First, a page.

"In this part of the world, women represent over 60% of HIV cases, and this proportion continues to increase. Studying women who are naturally resistant to the virus enables researchers to identify interesting information in terms of developing vaccinations or microbid gels that could prevent transmission of HIV."
The word microbid refers to something that is able to destroy microbes.
In order to get a clearer picture of the immune and molecular mechanisms involved in the transmission of HIV, Roger has been working with women from Zimbabwe and Benin for the past decade and a half. The researchers targeted Benin and Zimbabwe, due to the high incidence of HIV-infected women and that some of them were naturally HIV-resistant.
The team discovered that the immune system cells in the vaginas of HIV-infected women generated more inflammatory molecules (cytokines and chemokines) than the same cells in HIV-resistant women.
Cytokines and chemokines help to activate and recruit "lymphocyte T-cells" that usually attack and destroy viruses. However, HIV uses the T-cell to attack the body. Roger said: "Fewer T-cells means fewer target cells available for the virus to use."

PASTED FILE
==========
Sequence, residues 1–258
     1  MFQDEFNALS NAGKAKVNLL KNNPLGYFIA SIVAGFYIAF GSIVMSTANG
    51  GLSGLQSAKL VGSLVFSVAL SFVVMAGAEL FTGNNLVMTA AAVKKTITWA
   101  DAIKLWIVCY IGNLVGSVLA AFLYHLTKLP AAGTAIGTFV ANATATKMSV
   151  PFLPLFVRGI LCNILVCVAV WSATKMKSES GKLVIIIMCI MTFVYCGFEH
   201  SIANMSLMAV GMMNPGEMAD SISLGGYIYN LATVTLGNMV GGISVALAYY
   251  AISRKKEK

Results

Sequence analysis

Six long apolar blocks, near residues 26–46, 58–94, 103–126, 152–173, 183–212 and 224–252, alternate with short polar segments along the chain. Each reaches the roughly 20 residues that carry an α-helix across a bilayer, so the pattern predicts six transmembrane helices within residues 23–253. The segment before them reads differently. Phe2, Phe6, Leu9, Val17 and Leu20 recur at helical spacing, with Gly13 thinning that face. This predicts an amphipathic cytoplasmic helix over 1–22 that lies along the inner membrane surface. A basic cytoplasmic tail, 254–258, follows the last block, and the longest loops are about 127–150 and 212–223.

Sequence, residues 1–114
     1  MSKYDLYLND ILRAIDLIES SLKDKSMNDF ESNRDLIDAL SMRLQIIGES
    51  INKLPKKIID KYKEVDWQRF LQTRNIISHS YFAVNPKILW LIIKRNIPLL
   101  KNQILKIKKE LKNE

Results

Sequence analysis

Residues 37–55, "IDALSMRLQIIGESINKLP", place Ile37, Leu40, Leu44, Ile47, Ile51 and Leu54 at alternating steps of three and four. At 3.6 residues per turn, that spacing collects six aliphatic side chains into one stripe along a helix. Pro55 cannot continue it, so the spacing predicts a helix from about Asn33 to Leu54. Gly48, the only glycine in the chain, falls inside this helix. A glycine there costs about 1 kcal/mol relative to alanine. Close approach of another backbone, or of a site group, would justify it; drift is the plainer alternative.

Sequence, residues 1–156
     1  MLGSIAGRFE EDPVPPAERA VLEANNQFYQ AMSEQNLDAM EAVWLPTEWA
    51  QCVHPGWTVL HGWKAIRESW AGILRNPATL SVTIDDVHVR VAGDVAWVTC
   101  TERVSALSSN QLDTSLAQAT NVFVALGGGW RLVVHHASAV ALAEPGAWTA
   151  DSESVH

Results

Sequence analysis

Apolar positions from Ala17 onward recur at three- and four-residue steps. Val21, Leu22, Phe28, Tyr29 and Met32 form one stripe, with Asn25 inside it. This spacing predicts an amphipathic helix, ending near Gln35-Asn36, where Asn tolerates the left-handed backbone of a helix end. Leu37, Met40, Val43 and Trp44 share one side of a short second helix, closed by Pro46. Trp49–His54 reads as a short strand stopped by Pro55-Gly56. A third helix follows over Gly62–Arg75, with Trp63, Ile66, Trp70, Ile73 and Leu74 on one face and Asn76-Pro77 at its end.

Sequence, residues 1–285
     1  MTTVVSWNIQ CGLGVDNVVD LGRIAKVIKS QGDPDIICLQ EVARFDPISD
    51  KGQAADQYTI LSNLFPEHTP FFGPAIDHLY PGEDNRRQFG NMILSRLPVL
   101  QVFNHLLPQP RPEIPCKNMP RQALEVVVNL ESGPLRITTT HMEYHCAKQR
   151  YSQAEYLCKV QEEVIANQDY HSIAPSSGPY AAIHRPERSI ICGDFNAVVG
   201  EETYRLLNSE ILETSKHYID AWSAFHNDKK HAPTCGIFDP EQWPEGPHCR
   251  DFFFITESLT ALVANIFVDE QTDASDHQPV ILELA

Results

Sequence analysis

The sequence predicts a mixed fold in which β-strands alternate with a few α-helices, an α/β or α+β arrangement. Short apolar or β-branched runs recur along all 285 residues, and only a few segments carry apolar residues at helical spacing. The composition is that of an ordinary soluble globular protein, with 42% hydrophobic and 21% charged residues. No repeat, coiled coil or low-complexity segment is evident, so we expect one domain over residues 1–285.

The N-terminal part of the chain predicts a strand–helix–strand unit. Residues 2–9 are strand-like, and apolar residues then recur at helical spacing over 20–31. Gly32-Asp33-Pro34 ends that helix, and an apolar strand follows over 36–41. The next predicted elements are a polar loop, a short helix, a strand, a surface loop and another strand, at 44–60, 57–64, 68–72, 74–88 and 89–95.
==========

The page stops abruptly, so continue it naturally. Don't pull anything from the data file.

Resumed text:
Results from the study showed that the immune response was extremely different in the women's blood than in their vaginal mucous membrane. According to the findings, it would be more effective to produce vaccinations that would obstruct the virus at entry point of the body, instead of attempting to fight it after the virus is already established within the body's system.
"AIDS vaccination research has entirely focused on the blood stream and this approach has been a failure. Our research shows that the immune response is different at the site of the infection, and that we should turn to the entry points in order to find a means for blocking the virus."
This type of vaccination would immunize all mucus membranes in the body and could be administered via the nose.
The researchers will continue their research in order to get a clearer picture of the molecular mechanisms involved in the vaginal immune response. According to scientists, genetic factors may play a role as they have found that sisters living in similar circumstances have the same HIV-resistant profile.